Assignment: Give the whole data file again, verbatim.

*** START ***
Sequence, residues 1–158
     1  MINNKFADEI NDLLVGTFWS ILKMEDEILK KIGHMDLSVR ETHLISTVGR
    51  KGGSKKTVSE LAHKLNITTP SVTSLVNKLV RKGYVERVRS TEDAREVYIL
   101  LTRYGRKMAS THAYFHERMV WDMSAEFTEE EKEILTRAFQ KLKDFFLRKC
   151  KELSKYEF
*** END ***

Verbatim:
Sequence, residues 1–158
     1  MINNKFADEI NDLLVGTFWS ILKMEDEILK KIGHMDLSVR ETHLISTVGR
    51  KGGSKKTVSE LAHKLNITTP SVTSLVNKLV RKGYVERVRS TEDAREVYIL
   101  LTRYGRKMAS THAYFHERMV WDMSAEFTEE EKEILTRAFQ KLKDFFLRKC
   151  KELSKYEF